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We are seeing an older version of a class being used, although we had the latest one deploy. To scan all JAR files in all subfolders of an application server, how do we write a small shell script that prints out the file name of JARS files in which this specific class is found?

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8 Answers 8

up vote 12 down vote accepted

Something like:

find . -name '*.jar' | while read jarfile; do if jar tf "$jarfile" | grep org/jboss/Main; then echo "$jarfile"; fi; done

You can wrap that up like this:

jarscan() {
  pattern=$(echo $1 | tr . /)
  find . -name '*.jar' | while read jarfile; do if jar tf "$jarfile" | grep "$pattern"; then echo "$jarfile"; fi; done
}

And then jarscan org.jboss.Main will search for that class in all jar files found under the current directory

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2  
Using 'unzip -l' instead for 'jar' made it run very very fast. 'jar' took 72 seconds vs 4 second when run with 'unzip -l' –  Irfan Zulfiqar Apr 17 '09 at 12:19
    
I came in here to say exactly this. +1 –  Ian McLaird Apr 17 '09 at 15:28
    
If I want to know in which jar a certain class can be found I usually do something like cd ~/.m2/repository; grep -r -H "classname" *. –  extraneon Apr 17 '09 at 17:57
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Not directly answering your question, but maybe this will solve your problem: you can print out the location (e.g. the jar file) from which a specific class was loaded by adding a simple line to your code:

System.err.println(YourClass.class.getProtectionDomain().getCodeSource());

Then you will know for sure where it comes from.

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If you need result only then you can install agentransack http://www.mythicsoft.com/agentransack/ and do a containing text search. Agentransack searches inside jar and zip files as well.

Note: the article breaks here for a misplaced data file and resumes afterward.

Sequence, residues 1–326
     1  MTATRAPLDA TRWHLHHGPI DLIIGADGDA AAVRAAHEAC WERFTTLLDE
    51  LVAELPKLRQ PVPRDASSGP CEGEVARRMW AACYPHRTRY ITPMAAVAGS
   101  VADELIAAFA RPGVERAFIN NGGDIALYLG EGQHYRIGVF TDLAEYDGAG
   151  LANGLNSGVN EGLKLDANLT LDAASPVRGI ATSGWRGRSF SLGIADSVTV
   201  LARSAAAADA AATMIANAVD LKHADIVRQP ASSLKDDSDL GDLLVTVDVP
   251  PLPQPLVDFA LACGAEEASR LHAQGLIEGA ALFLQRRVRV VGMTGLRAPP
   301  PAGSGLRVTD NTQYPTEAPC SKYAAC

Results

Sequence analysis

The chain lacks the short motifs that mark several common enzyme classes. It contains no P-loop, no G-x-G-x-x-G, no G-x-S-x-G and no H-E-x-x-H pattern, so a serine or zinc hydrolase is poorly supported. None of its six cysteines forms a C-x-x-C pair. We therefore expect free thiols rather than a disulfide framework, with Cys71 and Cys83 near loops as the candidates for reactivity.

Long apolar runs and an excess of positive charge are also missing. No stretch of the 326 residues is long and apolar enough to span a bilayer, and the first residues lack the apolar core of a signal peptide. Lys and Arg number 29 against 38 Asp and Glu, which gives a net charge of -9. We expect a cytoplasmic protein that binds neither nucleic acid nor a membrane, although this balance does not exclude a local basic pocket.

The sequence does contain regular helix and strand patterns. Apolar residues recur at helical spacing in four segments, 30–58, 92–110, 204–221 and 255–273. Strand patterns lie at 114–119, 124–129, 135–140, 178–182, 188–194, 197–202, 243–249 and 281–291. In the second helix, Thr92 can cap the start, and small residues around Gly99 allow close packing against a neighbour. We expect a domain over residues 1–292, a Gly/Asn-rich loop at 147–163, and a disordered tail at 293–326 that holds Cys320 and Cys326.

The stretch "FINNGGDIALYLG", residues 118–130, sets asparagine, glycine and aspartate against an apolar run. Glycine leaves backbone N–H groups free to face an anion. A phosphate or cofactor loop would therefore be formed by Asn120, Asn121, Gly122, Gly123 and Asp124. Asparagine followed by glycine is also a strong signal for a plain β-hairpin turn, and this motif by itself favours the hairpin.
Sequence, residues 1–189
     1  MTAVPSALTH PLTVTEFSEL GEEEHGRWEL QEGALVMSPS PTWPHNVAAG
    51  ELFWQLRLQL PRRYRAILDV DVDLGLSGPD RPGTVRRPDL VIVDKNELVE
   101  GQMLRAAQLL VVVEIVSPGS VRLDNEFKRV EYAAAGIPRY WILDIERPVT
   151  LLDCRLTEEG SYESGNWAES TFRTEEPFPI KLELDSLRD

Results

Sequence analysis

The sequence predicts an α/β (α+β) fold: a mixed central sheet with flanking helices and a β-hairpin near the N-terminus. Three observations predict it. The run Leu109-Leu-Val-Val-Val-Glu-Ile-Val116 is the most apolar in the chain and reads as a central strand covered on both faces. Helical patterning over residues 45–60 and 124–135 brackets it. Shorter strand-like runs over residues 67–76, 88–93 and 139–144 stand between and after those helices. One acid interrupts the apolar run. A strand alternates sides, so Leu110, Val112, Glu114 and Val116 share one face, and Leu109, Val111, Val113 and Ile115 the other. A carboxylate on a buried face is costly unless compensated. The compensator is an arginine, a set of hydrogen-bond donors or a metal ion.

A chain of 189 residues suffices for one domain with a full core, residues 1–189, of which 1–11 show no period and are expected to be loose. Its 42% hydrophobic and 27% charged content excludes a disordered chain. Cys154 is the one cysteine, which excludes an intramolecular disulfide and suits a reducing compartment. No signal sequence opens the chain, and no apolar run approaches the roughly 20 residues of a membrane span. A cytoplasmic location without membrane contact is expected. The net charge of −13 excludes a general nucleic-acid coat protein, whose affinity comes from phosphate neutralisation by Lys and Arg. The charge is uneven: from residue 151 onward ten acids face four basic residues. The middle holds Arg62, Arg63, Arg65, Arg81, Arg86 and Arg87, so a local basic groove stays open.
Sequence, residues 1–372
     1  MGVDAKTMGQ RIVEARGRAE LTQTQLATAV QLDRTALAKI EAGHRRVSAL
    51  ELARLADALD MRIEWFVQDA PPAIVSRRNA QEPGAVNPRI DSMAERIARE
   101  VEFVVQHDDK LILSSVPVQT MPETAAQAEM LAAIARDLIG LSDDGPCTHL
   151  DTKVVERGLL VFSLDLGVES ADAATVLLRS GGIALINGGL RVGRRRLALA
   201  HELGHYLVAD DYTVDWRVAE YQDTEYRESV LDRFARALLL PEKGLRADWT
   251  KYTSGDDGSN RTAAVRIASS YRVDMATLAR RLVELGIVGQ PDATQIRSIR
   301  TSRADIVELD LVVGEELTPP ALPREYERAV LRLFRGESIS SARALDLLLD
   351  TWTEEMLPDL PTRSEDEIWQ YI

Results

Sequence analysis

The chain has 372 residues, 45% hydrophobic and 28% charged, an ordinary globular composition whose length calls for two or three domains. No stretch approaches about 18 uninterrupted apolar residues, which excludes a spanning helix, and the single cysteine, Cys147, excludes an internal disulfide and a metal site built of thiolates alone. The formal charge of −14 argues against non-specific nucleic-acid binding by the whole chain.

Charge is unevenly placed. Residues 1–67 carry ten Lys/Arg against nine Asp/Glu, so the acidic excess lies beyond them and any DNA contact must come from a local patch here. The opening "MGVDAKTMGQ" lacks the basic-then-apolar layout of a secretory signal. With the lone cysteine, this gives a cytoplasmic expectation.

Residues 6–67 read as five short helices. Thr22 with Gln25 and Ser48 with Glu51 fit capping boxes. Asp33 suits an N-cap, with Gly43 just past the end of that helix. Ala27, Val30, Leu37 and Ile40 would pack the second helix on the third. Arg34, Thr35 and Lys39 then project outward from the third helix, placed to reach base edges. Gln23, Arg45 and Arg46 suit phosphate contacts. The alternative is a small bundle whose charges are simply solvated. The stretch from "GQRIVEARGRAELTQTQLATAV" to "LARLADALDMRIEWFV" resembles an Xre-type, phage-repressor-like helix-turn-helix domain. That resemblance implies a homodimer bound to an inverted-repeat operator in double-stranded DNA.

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You may also want to have a look at the Java tool JarScan.

One can search by class name and by package.

It helps a lot when Total Commander isn't available and only Java is allowed to execute.

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Now to answer this question here is a simple shell command that did that for us.

for jarFile in $(
    ls -R | 
    awk '
        match($0, ".*:") { 
            folder=$0 
        } 
        ! match($0, ".*:") {
            print folder$0 
        }' | 
        grep "\.jar" | 
        sed -e "s/:/\//g"
); 
do  
    unzip -l $jarFile; 
done | 
awk '
    match($0, "Archive.*") { 
        jar=$0 
    } 
    ! match($0, "Archive.*") {
        print jar" : "$0 
    }' | 
grep org.jboss.Main
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Years ago I wrote a utility classfind to resolve issues like this. Set your classpath to point to your .jar set, and classfind will tell you in which jars it'll find a particular class.

example% classfind -c Document
/usr/java/j2sdk1.4.0/jre/lib/rt.jar -> org.w3c.dom.Document
/usr/java/j2sdk1.4.0/jre/lib/rt.jar -> javax.swing.text.Document
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The tool JAR Explorer is pretty useful.

It pops open a GUI window with two panels. You can pick a directory, the tool will scan all the JAR files in that directory, then let you search for a specific class. The lower panel then lights up with a list of hits for that class in all the scanned JAR files.

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#! /bin/sh

path=$1
segment=$2

if [ -z "$path" ] || [ -z "$segment"  ]
then 
    echo "Usage: $0 <path> <segment>"
    exit
fi

for jar in $path/*.jar ; do echo " *** $jar *** " ; jar tf $jar| grep --color=always $segment; done;
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